Protein A has good high affinity to all rabbit IgG antibodies but low affinity to rat, goat and sheep IgG isotype antibodies and certain mouse IgG antibody subclasses, in particular IgG1. Protein G on the other hand binds well to the Fc region of mouse, goat, sheep, and most rat IgG. Its affinity to rabbit IgG however is lower than that of Protein A. When using pAG-MNase introduced with the improved CUT&RUN protocol it is therefore generally not necessary to use a secondary antibody. Use of the pA-MNase of the original protocol however might require the use of a secondary antibody raised in rabbit to assure efficient binding of the fusion protein to the antibody.
Should I include heterologous spike-in DNA for quantitation?
Our protocol is largely based on the improved CUT&RUN protocol. Here, the authors show that accurate quantitation is possible using heterologous spike-in DNA or carry-over E. coli DNA from the pA/G-MNase purification.
Are there protocols to make this work for tissue, where I cannot necessarily isolate single cells?
The Henikoff lab that published the original CUT&RUN method in 2017 has since developed several variations. One of these modification is AutoCUT&RUN which outlines a workflow to automate CUT&RUN for high-throughput characterization of single cells but also patient samples and xenografts.
You can find the detailed protocol at protocols.io.
In short, the tissue is processed manually or enyzmatically into single, intact cell that are subsequently bound to ConA beads. The improved (and standard) CUT&RUN protocol that serve as basis for the protocol outlined in our CUT&RUN handbook can be adapted accordingly. Presently there is no work published documenting the use of intact tissue.
Is it possible to use the CUT&RUN product sets with plant tissue samples?
The CUT&RUN method can be applied without a problem to plant tissue samples (see e.g. PMID30719569). One essential step in addition to those lined out in the protocol is the generation of spheroblasts so that it becomes possible to permeabilize the plasma membrane for the application of the antibodies and the MNase fusion protein.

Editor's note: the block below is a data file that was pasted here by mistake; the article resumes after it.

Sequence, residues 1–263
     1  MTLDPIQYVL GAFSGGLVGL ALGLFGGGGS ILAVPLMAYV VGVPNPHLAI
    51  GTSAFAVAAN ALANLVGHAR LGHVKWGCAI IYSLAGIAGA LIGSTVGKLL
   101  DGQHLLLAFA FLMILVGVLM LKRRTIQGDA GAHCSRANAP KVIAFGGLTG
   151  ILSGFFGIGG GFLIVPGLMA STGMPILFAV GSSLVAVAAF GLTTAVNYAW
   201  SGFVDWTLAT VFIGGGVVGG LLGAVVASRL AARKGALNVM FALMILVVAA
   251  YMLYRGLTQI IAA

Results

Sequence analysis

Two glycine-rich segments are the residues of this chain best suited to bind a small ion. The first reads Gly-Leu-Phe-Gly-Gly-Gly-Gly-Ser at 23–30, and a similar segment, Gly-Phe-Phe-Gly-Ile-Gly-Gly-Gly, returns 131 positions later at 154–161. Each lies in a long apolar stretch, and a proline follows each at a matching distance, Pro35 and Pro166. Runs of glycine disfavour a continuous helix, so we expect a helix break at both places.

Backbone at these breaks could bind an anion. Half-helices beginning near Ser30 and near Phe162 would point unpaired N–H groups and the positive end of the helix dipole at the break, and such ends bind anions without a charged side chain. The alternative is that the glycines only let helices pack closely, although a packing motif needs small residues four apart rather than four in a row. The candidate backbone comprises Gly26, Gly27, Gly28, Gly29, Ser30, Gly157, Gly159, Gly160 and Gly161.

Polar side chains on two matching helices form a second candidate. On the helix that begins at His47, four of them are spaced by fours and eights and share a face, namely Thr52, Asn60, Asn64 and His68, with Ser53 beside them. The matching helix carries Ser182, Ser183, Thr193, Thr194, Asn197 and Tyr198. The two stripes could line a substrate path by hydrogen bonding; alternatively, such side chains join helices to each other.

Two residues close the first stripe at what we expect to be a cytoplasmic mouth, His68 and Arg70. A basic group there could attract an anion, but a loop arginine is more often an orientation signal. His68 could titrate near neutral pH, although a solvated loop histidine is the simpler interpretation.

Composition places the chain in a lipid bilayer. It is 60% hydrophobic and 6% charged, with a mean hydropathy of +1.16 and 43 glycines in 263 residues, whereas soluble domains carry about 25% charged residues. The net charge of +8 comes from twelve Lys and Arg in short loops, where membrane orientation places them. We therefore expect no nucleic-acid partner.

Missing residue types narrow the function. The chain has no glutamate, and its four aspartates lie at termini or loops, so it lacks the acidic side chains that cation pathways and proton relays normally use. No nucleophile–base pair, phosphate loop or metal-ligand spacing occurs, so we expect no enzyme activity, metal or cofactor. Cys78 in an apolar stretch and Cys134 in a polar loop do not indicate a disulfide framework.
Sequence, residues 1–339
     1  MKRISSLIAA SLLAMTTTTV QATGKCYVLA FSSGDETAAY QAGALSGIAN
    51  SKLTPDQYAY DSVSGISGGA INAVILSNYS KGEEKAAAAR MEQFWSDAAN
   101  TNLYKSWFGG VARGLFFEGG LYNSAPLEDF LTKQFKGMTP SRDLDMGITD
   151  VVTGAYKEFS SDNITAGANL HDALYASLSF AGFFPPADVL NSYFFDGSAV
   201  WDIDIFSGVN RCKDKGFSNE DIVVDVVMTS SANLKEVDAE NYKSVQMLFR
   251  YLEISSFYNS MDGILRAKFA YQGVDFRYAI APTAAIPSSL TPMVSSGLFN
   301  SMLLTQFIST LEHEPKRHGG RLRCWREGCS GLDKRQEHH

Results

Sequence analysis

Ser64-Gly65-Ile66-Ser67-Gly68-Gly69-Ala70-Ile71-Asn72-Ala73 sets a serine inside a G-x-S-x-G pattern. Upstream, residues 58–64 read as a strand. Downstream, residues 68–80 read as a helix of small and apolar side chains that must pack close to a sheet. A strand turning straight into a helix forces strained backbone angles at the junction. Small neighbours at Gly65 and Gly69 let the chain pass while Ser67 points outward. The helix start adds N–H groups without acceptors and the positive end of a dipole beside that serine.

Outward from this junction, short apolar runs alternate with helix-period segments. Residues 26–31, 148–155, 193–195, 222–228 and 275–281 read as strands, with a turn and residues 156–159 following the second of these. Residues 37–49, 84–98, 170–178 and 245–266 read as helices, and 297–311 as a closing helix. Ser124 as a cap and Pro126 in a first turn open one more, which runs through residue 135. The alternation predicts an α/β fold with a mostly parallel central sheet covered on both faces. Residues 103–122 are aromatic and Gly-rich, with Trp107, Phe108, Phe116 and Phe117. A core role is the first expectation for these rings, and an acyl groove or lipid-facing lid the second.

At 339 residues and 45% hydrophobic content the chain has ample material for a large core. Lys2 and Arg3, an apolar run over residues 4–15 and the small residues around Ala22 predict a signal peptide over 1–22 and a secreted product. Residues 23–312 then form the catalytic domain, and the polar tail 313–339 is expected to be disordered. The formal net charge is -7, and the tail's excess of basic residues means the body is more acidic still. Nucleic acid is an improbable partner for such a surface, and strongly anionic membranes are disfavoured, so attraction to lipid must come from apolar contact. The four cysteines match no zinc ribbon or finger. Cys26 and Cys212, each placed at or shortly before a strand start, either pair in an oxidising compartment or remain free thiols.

The positive control H3K27me3 antibody and the negative control guinea pig anti-rabbit IgG antibody as well as the ConA beads are suitable for use with plant samples. The antibodies that are included in some of the sets, such as the anti-DYKDDDDK antibodies or the secondary antibodies, can also be used with plant samples. Whether they are needed or not depends on your experiment.
Can CUT&RUN be adapted for RIP-seq?
It should be possible to adapt the CUT&RUN protocol for use with RNA as an alternative to RIP-seq. RNA in the cytoplasm will attract the degradation machinery if it is lacking the 5' cap and the 3' poly-A tail. Thus, it is advisable to use isolated nuclei as sample material. Consequently, no digitonin in the different buffers is needed since the nuclear envelope does not contain cholesterol. Isolated nuclei may be immobilized via glycoproteins on the nuclear envelope to the ConA beads like for a CUT&RUN experiment. An antibody against the protein of interest is added and subsequently the pA/G-MNase is tethered to the antibody, thus bringing the MNase into proximity of the RNA of interest. Similar to RIP-seq, isolated RNA is then translated into cDNA and can be sequenced and mapped.
Is it possible to use a cell free extract of a bacterial cell instead of immobilizing and permeabilizing the cell?
It should indeed be possible to use a bacterial extract as starting material instead of immobilized eukaryotic cells. There are a couple of things that should be considered:
One of the factors that makes CUT&RUN so much better than ChIP-seq in a eukaryotic system is that it is done in situ. The intact cells (or isolated nuclei) retain the large, undigested chromatin. Consequently, much fewer off-sites are present in the prepared DNA which is one of the reasons why CUT&RUN data sets have so much less background signal when compared to ChIP-seq data. This enrichment step will be missing when using a cell lysate as starting material. The CUT&RUN result should still be superior to the CHIP-seq result for the same starting material. However, it will be more "noisy" than CUT&RUN sequencing data from intact eukaryotic cells/nuclei.